Yet another bill seeks to weaken encryption-by-default on smartphones

(credit: Julien Sabardu)

A second state lawmaker has now introduced a bill that would prohibit the sale of smartphones with unbreakable encryption. Except this time, despite very similar language to a pending New York bill, the stated rationale is to fight human trafficking, rather than terrorism.

Specifically, California Assemblymember Jim Cooper’s (D-Elk Grove) new bill, which was introduced Wednesday, would "require a smartphone that is manufactured on or after January 1, 2017, and sold in California, to be capable of being and decrypted and unlocked by its manufacturer or its operating system provider."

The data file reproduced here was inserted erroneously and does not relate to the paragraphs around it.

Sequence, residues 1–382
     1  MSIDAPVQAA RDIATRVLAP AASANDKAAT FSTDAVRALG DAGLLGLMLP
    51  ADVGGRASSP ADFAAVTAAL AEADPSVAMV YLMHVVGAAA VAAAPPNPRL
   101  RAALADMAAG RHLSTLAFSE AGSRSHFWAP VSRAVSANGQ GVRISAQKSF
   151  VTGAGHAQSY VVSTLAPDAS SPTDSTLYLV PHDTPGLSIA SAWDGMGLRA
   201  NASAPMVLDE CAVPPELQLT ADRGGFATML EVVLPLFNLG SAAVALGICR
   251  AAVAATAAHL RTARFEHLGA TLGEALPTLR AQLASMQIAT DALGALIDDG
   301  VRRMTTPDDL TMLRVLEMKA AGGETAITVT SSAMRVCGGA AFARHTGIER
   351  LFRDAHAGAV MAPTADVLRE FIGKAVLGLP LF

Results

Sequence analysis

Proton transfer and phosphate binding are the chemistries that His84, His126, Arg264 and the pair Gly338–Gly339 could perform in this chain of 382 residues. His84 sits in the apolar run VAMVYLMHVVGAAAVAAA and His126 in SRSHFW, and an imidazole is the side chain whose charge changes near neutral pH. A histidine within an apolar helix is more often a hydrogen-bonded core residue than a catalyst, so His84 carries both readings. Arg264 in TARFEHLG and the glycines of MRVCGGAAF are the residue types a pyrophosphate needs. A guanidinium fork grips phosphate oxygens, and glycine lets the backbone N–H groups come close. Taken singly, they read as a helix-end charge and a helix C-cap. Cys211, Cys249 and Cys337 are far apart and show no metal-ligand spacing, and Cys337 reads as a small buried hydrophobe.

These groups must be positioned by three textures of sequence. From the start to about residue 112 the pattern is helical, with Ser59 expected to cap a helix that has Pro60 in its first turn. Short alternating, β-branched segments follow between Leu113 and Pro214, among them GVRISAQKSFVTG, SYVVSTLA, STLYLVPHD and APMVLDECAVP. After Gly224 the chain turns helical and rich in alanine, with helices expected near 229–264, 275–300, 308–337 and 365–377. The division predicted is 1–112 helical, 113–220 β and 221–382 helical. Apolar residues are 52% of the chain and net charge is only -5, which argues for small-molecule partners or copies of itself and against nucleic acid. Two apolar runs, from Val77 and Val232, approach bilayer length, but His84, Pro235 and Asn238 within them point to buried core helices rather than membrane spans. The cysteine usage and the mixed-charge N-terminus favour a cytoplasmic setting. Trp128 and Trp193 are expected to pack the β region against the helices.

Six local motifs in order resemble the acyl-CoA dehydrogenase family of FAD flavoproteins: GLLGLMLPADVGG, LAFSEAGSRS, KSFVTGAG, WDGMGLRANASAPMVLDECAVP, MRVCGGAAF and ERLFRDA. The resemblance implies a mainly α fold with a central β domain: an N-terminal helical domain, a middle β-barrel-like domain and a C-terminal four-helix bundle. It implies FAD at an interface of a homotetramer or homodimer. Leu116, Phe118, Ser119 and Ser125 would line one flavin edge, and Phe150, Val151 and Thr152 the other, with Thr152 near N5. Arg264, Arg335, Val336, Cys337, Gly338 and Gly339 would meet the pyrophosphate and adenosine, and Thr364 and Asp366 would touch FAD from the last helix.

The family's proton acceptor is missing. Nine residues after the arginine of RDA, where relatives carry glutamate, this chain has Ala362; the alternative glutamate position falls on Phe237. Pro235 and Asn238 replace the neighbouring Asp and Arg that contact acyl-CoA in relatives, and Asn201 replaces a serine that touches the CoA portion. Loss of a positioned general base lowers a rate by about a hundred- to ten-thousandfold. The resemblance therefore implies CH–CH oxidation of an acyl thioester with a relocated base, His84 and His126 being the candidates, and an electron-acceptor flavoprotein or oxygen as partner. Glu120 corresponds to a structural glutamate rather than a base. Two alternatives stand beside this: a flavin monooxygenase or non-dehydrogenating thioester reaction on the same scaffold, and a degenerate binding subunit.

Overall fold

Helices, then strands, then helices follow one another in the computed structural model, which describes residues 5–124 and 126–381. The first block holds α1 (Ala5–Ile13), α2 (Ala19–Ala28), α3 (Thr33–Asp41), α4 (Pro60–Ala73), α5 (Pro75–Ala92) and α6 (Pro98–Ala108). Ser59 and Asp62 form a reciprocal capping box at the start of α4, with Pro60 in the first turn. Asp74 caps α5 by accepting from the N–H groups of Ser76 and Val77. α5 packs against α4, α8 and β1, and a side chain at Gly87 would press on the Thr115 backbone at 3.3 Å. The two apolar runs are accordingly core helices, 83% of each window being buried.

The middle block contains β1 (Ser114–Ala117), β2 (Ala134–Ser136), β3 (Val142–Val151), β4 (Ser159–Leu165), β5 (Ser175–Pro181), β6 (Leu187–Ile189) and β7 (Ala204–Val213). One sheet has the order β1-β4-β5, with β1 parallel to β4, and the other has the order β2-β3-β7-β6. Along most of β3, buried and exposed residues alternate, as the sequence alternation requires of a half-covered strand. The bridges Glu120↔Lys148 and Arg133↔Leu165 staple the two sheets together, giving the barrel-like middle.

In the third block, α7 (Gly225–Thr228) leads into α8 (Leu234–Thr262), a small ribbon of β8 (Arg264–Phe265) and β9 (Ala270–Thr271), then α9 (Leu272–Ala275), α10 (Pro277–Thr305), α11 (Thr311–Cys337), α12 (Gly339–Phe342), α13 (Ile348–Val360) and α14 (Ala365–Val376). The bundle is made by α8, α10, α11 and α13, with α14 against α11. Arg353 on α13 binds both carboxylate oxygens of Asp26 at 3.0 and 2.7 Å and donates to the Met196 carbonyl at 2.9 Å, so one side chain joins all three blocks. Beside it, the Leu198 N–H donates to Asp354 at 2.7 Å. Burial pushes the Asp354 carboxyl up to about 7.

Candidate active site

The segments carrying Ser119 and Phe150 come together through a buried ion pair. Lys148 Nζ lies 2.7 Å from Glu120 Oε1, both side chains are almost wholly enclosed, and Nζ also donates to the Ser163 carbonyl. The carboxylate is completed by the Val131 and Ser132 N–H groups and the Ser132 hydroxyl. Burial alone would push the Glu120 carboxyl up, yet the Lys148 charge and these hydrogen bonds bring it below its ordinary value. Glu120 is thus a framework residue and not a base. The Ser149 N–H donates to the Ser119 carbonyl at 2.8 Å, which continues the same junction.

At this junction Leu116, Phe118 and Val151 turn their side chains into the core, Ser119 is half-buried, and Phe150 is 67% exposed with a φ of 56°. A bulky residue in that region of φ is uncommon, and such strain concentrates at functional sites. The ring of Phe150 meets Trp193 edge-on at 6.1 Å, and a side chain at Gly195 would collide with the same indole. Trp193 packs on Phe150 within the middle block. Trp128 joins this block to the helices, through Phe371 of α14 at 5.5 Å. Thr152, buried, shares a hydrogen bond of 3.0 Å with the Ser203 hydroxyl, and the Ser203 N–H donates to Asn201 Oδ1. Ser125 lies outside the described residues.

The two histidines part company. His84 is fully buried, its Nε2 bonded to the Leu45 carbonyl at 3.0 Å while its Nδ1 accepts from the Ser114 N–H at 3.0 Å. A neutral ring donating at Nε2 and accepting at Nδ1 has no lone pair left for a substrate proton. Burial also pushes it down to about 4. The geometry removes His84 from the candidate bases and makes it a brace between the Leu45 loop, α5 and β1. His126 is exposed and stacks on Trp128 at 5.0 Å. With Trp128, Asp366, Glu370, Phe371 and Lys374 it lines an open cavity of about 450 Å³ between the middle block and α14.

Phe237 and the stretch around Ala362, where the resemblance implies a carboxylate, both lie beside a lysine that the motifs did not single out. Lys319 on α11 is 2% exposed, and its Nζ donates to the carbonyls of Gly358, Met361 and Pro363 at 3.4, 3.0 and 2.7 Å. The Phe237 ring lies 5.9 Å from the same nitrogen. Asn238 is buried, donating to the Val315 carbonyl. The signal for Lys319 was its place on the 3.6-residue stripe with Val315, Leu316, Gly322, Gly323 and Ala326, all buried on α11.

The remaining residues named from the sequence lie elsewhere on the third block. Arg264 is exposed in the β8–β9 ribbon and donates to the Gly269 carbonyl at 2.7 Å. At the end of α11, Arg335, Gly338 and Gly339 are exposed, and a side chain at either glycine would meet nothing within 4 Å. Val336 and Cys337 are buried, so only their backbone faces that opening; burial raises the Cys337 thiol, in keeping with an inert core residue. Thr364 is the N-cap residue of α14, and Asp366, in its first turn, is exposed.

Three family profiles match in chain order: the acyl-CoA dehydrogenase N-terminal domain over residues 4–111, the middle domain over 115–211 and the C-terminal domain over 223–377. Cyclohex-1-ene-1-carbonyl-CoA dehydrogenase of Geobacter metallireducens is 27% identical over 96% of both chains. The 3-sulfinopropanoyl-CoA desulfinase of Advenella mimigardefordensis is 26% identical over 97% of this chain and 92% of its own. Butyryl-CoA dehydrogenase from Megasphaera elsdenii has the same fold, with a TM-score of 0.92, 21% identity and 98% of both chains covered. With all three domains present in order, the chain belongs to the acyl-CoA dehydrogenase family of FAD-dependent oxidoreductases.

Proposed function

If the bill passes both the Assembly and State Senate, and is signed into law by Gov. Jerry Brown (D), it would affect modern iOS and Android devices, which enable full-disk encryption that neither Apple nor Google can access. AB 1681’s language is nearly identical to another bill re-introduced in New York State earlier this month, but Cooper denied that it was based on any model legislation, saying simply that it was researched by his staff. He also noted that the sale of his own iPhone would be made illegal in California under this bill.

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